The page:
If there's one thing the world has learned so far in the course of the COVID-19 pandemic, it's the important role of testing for the disease. The ability to know who has the virus and who doesn't provides critical information for people and entire regions.
Early testing involved collecting cells from the back of the throat or nasal passages of patients to detect genetic material from SARS-CoV-2, the virus that causes COVID-19. These tests, known as polymerase chain reaction (PCR) tests, can pick up the presence of viral nucleic acid. Mayo Clinic's speedily developed PCR test filled a critical need when tests were in short supply across the country.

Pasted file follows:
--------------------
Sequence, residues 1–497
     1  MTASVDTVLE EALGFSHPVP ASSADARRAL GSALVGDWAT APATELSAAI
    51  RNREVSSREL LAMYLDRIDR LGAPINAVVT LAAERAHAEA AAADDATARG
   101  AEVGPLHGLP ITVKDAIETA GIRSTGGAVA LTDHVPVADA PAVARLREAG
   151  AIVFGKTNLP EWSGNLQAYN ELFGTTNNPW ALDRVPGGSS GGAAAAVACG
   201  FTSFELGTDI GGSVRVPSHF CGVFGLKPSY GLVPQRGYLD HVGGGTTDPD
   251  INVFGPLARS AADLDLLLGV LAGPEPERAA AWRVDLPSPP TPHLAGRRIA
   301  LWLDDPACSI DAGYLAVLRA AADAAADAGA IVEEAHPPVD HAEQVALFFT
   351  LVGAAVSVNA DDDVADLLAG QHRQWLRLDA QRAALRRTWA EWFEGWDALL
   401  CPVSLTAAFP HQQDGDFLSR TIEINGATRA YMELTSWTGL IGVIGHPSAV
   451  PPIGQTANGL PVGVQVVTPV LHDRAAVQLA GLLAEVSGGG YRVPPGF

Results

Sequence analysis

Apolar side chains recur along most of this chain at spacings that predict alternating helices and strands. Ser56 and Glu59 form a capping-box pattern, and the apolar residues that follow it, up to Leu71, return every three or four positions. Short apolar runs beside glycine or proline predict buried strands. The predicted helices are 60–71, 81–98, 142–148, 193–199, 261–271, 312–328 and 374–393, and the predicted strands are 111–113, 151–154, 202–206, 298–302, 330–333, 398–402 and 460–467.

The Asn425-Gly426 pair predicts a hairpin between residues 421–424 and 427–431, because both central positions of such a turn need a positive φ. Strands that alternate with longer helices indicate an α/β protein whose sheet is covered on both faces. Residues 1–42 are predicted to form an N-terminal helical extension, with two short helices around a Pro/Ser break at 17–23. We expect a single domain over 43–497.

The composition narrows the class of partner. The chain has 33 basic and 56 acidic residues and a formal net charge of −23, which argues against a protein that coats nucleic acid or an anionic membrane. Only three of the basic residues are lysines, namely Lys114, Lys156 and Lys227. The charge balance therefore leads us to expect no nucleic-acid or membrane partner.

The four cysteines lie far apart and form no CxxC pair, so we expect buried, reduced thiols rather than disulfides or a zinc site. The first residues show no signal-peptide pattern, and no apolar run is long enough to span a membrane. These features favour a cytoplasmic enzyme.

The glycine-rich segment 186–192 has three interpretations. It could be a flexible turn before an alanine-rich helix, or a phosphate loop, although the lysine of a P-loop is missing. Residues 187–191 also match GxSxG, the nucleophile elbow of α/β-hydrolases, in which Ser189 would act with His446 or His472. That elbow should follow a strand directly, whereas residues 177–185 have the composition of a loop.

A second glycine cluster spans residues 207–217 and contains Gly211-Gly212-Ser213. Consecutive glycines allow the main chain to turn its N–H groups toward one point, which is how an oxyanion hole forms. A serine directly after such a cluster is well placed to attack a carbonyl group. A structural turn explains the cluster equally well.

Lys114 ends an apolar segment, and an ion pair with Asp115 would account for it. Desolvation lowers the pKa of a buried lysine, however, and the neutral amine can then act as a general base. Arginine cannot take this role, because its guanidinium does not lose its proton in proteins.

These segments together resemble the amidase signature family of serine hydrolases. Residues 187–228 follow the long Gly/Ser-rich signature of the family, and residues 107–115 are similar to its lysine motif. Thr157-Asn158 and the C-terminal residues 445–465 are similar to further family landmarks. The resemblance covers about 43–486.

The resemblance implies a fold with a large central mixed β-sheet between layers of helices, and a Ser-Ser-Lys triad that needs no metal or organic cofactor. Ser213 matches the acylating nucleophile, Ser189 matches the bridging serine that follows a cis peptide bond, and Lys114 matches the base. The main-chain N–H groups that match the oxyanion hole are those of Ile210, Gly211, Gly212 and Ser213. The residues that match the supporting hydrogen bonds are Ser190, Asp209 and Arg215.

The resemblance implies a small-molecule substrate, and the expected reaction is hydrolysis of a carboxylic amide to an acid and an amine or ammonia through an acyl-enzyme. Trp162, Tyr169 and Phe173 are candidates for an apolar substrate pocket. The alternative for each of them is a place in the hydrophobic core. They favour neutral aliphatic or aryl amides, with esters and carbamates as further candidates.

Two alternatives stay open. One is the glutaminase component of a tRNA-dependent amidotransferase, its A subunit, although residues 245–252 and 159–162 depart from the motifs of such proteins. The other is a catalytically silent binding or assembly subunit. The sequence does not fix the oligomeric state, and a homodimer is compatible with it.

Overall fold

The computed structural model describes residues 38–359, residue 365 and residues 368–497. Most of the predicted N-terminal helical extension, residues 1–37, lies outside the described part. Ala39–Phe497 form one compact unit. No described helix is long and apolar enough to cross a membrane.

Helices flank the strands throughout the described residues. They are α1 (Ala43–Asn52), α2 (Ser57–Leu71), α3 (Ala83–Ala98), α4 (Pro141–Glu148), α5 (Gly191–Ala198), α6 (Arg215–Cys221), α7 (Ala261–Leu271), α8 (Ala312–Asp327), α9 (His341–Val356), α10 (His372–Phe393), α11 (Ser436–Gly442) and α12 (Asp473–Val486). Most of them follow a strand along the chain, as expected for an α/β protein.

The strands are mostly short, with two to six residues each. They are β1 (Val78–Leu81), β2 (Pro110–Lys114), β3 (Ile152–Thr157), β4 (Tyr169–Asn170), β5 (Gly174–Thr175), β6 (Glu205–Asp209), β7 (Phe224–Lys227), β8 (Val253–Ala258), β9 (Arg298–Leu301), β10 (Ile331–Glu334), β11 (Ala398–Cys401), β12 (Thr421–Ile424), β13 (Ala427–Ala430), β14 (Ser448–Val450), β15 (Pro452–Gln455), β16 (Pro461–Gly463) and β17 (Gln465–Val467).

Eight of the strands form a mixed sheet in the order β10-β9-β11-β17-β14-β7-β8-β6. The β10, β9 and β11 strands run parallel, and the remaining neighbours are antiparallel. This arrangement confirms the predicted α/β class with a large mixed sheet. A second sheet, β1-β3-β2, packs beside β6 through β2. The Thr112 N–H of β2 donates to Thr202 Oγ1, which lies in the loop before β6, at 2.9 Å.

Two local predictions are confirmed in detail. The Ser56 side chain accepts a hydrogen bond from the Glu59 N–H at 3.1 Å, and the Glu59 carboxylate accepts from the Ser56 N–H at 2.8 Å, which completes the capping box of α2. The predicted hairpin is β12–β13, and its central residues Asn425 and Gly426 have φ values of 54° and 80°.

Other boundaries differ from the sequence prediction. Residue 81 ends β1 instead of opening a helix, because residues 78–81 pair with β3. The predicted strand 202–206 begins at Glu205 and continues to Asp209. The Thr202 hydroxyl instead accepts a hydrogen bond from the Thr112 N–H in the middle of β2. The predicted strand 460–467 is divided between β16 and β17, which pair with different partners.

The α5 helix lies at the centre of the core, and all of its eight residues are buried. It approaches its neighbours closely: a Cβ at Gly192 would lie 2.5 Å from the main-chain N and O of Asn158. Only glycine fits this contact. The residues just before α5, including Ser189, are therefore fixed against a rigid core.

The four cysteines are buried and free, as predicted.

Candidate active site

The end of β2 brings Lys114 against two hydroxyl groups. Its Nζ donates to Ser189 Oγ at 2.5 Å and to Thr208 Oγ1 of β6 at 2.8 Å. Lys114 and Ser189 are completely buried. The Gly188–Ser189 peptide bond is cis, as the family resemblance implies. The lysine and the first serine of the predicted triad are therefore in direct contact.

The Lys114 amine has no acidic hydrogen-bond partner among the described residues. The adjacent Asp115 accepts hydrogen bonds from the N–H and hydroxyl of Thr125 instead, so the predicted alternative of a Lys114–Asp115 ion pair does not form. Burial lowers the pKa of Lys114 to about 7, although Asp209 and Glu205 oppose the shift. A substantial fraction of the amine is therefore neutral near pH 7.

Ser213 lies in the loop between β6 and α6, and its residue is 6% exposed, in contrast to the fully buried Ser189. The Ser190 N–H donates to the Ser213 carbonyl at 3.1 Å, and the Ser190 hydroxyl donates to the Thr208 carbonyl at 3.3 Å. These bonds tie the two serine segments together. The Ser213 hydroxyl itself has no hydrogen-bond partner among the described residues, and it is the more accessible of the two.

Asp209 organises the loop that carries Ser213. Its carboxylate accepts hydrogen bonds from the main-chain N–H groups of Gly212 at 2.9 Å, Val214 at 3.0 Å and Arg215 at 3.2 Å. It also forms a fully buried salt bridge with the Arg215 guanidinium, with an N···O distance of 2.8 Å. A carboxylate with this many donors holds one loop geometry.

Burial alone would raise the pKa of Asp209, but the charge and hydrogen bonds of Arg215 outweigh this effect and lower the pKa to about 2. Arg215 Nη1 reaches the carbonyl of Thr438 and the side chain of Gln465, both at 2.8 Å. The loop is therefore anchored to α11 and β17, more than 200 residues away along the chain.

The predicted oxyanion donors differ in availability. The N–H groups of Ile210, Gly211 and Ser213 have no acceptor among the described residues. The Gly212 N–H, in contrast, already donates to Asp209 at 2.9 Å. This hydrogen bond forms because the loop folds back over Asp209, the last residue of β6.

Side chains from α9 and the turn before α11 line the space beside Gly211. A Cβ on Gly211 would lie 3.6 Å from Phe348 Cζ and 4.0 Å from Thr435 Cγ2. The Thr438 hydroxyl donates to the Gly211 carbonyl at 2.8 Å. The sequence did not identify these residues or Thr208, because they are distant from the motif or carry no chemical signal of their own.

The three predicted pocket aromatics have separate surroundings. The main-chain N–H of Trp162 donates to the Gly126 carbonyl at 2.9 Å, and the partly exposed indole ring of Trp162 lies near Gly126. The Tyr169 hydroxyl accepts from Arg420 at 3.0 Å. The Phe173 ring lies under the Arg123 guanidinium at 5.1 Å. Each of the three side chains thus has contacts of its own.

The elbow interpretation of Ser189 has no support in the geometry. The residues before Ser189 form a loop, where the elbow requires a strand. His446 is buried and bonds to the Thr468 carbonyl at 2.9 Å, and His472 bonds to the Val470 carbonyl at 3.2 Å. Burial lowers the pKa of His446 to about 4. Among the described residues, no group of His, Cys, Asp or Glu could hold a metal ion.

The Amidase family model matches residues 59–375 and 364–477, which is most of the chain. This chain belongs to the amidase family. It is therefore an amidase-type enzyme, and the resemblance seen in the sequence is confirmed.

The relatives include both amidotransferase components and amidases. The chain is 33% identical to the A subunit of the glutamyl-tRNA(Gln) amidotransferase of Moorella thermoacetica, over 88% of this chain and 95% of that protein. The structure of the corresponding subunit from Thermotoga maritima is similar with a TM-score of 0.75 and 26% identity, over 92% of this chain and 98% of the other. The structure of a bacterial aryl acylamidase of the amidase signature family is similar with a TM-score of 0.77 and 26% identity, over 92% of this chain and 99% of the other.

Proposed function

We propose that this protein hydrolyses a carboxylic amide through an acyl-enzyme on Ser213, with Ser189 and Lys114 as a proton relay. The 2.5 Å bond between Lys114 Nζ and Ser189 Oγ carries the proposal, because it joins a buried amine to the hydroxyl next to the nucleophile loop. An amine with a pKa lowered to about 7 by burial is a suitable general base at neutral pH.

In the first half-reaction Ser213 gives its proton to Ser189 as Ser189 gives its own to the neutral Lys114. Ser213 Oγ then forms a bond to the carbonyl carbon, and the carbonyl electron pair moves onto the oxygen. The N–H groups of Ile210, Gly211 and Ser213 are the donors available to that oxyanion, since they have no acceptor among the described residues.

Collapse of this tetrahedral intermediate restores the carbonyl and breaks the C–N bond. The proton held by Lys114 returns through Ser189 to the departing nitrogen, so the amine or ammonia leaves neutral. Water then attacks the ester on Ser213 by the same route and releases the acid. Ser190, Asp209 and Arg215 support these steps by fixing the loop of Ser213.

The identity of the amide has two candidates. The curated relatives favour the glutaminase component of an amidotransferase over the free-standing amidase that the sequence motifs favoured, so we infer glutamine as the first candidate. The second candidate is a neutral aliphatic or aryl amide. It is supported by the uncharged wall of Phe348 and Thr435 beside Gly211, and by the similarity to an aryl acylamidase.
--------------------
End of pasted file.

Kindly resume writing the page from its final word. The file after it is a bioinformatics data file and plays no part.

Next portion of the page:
Researchers also are interested in developing a type of testing known as serology. This kind of testing involves looking for the patient's immune response to the virus in blood samples. Specifically, these tests track down antibodies, which are small proteins created by the immune system in the process of fighting off a disease. Antibodies can be particular for one kind of disease or sometimes a disease-type, and can provide a window into a patient's infection history. The ability to detect antibodies against SARS-CoV-2 can reveal whether a patient has had COVID-19, even if they were never diagnosed or never felt sick.
What's the big deal about antibodies?
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